Southwest, not far from the city center is Montjuic, which provides a view of the enormous harbor and back at the city and the La Sagrada Familia Cathedral. Las Ramblas is a walking street with interesting shops and street artists. Part way through Las Ramblas is La Boqueria, a food market with the freshest of items. I love fresh figs and can not find them in the states and the first bite reminded me of my trip to Greece when I ate figs from my cousins tree. We wound our way through the many little streets several times wondering where we were since the maps don’t include every one many seem more like alleys. One of the tiny streets we found the home of the Picasso Museum which housed many of the artists earlier pieces, pretty amazing. On Sunday many Catalans gather at the Cathedral to perform the traditional Sardana dance. Their personal possessions are put in a pile in the center of a closed circle (for safe keeping) and the live music moves the people, young and very old, through the simple steps. Everyone is welcome and I had goose bumps with thoughts of my own Greek family dancing traditions. Of course I joined in! The cathedrals are amazingly beautiful and are located among the neighborhoods and are open all the time with people coming and going lighting candles and saying prayers.


Casa Battlo

We spent a day at the amazing Park Guell, my pictures just don’t capture it. The outside is a public park emphasizing natural gardens and architectural elements designed by Antoni Gaudi. Eusebi Guell and he collaborated in creating the homes and gardens in the park. Guell’s farmhouse is now a school that can be seen from above and nearby. I watched a class play a game that was a combination of dancing and movement. The intricate walkways lead visitors around and through with attention to every detail everywhere you look. There were individual and group musicians and dancers that entertained for whatever folks offered. In 1926 the park was officially opened and on the inside is where Gaudi’s work is at the highest level. The forms, patterns and organic shapes are a delight to the eye.

Gaudi designed other structures in Barcelona. We visited Casa Battlo located in the center of the city. We could tour the roof which looks like an animal’s spine. His work was influenced greatly by nature. We could also tour the attic which is made up of 300 brick arches and one of the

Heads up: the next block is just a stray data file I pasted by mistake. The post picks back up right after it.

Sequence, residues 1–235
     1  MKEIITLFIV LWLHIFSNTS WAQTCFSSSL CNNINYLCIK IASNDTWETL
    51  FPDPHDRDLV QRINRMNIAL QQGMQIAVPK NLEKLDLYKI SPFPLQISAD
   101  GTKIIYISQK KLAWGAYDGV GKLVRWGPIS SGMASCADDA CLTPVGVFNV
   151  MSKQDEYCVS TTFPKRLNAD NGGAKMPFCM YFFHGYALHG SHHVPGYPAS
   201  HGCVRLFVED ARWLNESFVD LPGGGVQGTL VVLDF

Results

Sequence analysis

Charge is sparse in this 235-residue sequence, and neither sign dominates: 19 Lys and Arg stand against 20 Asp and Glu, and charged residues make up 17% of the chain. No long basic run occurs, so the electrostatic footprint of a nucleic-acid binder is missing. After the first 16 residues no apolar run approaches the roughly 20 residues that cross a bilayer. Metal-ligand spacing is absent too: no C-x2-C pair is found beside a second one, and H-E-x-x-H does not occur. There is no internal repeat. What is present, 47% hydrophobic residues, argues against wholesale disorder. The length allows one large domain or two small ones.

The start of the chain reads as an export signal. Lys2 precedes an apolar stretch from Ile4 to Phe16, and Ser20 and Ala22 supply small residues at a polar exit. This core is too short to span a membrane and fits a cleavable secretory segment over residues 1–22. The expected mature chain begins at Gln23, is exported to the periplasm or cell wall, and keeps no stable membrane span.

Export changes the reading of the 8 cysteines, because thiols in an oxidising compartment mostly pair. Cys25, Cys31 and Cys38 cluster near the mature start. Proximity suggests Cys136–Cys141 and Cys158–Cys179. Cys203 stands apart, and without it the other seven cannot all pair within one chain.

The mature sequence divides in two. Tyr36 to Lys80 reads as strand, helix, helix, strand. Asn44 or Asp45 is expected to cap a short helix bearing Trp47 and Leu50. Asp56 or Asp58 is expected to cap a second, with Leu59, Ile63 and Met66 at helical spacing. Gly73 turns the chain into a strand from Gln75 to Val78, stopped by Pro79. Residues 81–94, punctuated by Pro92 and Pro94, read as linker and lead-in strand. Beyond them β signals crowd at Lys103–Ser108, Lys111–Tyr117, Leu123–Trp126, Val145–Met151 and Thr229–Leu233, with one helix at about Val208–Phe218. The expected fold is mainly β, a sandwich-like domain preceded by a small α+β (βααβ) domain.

Park Guell

Park Guell

apartments which included a historical perspective. Once again the attention to detail is amazing.

The highlight of Gaudi’s work is La Sagrada Familia which is in its last phases of creation and slated to be completed in 2026, the 100th anniversary of Gaudi’s death. It is 565 feet tall and has amazing architectural details everywhere your eye takes you. Again, I don’t think my pictures quite capture the intensity of the artwork.

And, of course we ate some really delicious foods. The most delicious and interesting was eggplant, sliced really thin, with cheese on top. The breads, pastries, seafood were all yummy! The graffiti is located on the fronts of every building doorway – metal doors cover the businesses while they are closed. Be ready for anything when traveling to Barcelona and be ready to stretch. People were helpful even if they couldn’t speak English. The pace of life is slower and the tourists are plentiful, even in October. Watching the people was a wonderful part of the experience. The interactions between generations told a lot of the story.

La Famila Sagrada

La Familia Sagrada



Street art


Street artists

Street artists



Fig from the La Boqueria market


Eggplant from Mundial restaurant

Eggplant from Mundial restaurant



Performers at Park Guell



Bakery, located all over the city

I will write about the Denmark portion of my vacation on the blog tomorrow. Please let me know if you have any questions




Obama Announces End of Era, NCLB

October 26, 2015

From the White House – October 24, 2015

By Jameson Parker

One of the worst legacy of George W. Bush’s presidency is also one of least talked about, but American children feel its effects every day. Bush’s sweeping educational reforms known as “No Child Left Behind” has left in its wake a dysfunctional school system, demoralized teachers, and stressed out, over-tested children. Unsurprisingly, educators have long been saying that the “teaching to the test” mentality of No Child Left Behind is causing serious damage to the nation’s educational aspirations.

All the way back in 2006, educators were frantically warning the Bush administration that an obsession with test scores over other measures of success was a recipe for disaster.